Saturday, October 20, 2018

Christine McNair wins the Archibald Lampman Award for Charm (Book*hug, 2017)

In case you hadn't heard, my brilliant spouse Christine McNair won this year's Archibald Lampman Award for Best Book of Poetry in the Ottawa Region (an award administered by Arc Poetry Magazine) at Ottawa City Hall on Wednesday night for her second poetry collection, Charm (Book*hug). Congratulations! Amazing hoorays! And, as she has been pointing out, she is but only a small handful of women to win such an award, after the thirty-something year old prize has gone, repeatedly, even, to a small handful of men. So, further hoorays!

Further of the English-language Ottawa Book Awards (prizes are awarded in both French and English) included brand-new-father Shane Rhodes' Dead White Men (Coach House Books) [see my review of such here] winning the Ottawa Book Award (fiction category) and Roy MacGregor's Original Highways: Travelling the Great Rivers of Canada (Penguin Random House of Canada) winning the Ottawa Book Award (non-fiction category); MacGregor mentioned as part of his acceptance speech that they'd found out that day they needed a new furnace which, coincidentally, was going to cost exactly the amount he'd won as part of the prize, so he added relief to the surprise of his win. 

And yes, Christine was technically in Toronto on a course all last week; she actually flew home from Toronto just in time for the event, heading back out for another two days of course on some god-awful 7am Thursday morning flight. Could you blame her, not wanting to miss out on her first book award?

As fun as it was, though, it was "dry" this year for some reason, which actually made me miss the years' worth of needlessly-expensive wine offered at prior ceremonies...


Friday, October 19, 2018

Aja Couchois Duncan, RESTLESS CONTINENT



LEGACY

The woman at the Native American Cultural Center wears her Indian proudly. The earrings are turquoise but she is Creek, a member of the Cherokee Nation. You are harder to recognize. One grandfather who headed west two years before the state of dispossessed Chippewa formed their own federally recognized tribe. He left everything of his heritage behind. You came later, at a time without tribe, family, your Native tongue. You withstand the genealogy exercise, smile, tell what you know, apologize for what you do not. She is kind, she will embrace you, but she wants to know what kind of Indian you are first. This is both old and new. Lineage is important: blood lines define clans, delineate tribal communities. But blood quantum is new. Established by the government in 1934, it is one of many gifts of the Indian Reorganization Act whose purpose is to define membership, restrict recognition, effect the eventual termination of federally recognized tribes. It is how you end up being a fraction of. The rules not withstanding, the Creek woman introduces you to the others as if you are one of them. But when you leave the Center, by virtue of blood law, you are already disappeared.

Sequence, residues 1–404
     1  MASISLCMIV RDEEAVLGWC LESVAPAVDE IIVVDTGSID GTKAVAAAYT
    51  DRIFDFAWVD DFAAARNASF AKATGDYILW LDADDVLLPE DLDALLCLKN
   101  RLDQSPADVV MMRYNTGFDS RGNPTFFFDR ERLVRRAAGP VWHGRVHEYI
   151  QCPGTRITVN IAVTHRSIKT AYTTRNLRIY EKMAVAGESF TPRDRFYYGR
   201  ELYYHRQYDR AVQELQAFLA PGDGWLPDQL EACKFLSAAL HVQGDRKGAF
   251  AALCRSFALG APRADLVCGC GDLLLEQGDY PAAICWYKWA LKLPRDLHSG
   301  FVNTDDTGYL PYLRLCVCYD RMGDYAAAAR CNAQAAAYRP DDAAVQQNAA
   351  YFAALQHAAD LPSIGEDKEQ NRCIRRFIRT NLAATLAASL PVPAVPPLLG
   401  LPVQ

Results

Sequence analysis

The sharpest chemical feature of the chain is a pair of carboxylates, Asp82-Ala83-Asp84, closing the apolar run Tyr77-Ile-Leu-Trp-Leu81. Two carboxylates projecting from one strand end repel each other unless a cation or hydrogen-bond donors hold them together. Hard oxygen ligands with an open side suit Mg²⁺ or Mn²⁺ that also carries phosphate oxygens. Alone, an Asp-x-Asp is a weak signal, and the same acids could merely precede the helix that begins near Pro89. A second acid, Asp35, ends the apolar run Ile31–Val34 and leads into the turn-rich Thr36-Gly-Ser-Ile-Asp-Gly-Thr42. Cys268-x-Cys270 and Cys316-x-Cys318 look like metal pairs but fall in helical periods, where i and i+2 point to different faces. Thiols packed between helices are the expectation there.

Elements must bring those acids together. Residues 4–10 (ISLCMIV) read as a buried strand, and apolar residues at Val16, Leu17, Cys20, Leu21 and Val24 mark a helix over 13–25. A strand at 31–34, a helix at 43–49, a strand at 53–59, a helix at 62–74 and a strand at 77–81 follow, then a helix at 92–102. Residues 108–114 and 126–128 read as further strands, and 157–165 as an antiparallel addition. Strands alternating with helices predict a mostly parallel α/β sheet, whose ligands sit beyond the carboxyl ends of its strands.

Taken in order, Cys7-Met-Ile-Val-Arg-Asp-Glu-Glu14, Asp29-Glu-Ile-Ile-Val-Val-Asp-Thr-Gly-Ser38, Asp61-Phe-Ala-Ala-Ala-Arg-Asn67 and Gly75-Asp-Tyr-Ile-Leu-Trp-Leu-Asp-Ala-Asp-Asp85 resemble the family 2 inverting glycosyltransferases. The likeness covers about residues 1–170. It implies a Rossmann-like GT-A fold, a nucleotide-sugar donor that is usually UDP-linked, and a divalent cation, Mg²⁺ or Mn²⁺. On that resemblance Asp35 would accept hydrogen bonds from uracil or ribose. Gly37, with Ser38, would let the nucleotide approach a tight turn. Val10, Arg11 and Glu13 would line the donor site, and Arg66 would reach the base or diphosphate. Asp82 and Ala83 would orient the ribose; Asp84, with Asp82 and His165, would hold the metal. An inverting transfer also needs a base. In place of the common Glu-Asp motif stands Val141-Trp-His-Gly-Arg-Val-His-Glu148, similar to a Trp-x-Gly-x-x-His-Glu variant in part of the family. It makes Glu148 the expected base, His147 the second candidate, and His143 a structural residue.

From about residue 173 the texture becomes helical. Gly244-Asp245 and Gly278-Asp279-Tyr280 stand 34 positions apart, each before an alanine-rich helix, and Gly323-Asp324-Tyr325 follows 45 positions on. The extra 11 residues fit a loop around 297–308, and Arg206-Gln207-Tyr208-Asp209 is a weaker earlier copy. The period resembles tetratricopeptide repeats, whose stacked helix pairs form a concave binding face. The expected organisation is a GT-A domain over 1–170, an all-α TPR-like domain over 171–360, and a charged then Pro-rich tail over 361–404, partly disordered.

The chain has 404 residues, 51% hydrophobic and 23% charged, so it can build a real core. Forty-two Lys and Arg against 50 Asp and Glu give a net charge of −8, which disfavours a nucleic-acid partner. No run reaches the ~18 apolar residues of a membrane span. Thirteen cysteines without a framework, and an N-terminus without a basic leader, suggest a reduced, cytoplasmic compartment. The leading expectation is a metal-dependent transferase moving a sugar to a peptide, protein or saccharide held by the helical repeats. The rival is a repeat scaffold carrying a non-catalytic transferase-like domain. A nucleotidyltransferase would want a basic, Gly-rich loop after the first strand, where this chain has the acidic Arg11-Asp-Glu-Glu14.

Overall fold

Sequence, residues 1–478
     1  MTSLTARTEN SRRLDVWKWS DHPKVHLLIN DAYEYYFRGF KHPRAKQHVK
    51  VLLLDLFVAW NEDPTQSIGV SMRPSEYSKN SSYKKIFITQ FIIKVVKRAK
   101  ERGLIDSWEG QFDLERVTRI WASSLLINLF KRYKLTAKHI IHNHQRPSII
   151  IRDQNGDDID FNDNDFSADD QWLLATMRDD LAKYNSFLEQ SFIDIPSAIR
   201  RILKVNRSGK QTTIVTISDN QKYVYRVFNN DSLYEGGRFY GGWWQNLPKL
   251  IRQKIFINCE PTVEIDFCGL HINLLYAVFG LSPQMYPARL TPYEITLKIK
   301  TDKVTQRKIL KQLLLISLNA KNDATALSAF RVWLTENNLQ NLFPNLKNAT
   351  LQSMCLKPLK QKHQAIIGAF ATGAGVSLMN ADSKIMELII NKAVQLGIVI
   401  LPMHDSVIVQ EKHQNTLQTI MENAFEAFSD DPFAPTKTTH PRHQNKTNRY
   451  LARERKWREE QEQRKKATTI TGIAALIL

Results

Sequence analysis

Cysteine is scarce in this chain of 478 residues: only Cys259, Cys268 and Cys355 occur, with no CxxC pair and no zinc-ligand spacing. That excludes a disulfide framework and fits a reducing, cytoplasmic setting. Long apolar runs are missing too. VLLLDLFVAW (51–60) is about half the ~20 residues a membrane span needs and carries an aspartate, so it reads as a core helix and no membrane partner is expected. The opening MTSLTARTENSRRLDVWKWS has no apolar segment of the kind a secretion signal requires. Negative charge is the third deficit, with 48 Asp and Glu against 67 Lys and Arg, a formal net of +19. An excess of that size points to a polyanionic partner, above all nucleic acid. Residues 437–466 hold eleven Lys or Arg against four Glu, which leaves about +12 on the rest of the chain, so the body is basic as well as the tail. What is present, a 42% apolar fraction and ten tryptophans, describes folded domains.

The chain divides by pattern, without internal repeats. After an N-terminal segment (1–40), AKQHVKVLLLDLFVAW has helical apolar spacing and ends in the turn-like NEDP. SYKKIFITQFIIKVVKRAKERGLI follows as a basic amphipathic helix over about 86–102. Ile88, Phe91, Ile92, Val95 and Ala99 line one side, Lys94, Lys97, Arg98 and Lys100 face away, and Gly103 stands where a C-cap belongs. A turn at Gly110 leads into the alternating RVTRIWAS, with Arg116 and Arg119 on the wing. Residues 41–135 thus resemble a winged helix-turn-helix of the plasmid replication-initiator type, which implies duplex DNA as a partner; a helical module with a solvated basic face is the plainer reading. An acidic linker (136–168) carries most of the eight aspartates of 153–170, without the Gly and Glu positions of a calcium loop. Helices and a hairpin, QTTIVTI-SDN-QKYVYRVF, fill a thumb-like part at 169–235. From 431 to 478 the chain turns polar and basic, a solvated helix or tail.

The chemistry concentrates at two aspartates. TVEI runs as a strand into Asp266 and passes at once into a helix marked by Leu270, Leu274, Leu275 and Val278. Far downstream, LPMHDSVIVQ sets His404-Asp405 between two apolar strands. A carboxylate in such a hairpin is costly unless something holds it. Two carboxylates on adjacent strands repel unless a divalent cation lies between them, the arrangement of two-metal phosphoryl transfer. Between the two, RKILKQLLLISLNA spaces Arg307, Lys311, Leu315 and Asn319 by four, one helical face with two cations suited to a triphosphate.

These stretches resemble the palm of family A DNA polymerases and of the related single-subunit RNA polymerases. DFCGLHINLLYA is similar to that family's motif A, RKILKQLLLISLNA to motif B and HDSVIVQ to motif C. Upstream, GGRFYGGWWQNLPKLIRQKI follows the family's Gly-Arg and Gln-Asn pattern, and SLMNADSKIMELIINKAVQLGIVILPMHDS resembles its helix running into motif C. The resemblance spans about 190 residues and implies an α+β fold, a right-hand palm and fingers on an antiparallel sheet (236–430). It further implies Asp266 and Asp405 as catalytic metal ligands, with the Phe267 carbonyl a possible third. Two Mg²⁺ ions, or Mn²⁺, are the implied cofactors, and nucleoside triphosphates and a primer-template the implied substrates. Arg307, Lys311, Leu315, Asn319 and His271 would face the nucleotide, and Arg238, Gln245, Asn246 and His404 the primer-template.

I’m admittedly late to the game on Bay Area poet Aja Couchois Duncan, a poet I discovered thanks to BAX 2018 [see my review of such here], quickly moving to pick up a copy of her debut collection, RESTLESS CONTINENT (Brooklyn NY: Litmus Press, 2016). In RESTLESS CONTINENT, Duncan utilizes the short and long-forms of the poetic line and prose structures to focus on the minutae of, and responsibilities inherent to, language, culture and human interaction. “No language considers itself part of another.” she writes, to open the poem “GRAMMAR :”: “It is not just the / eyes or lips or the fault line cleaving muscle from earth, its bone.” In her piece “What Story Will Love You Like I Do?,” included in the anthology Biting the Error: Writers Explore Narrative (Toronto ON: Coach House Books, 2004)—a book I’m a bit disappointed I missed her in (I know, I know: there were forty-eight contributors included, but still)—she wrote:

We know culture the same way we know the body; there are markers, symbols, rituals, events. And like the body, culture is multitudinous, discordant, beyond its disparate recordings.

The poems throughout this collection are exploratory, documenting the world from which she has emerged through pieces composed in a lyric sensibility both sensuous and rich. As she writes to open the poem “RECUSANT :”:

England has inspired many rebellions. Something about the dampness, the fog and stone. When the colonies threw off their master, the penchant for boiled potatoes remained. I do not worship in the Church of England, but I was baptized by the hands of its descendants. I can still name all of jesus’ disciples, describe every betrayal.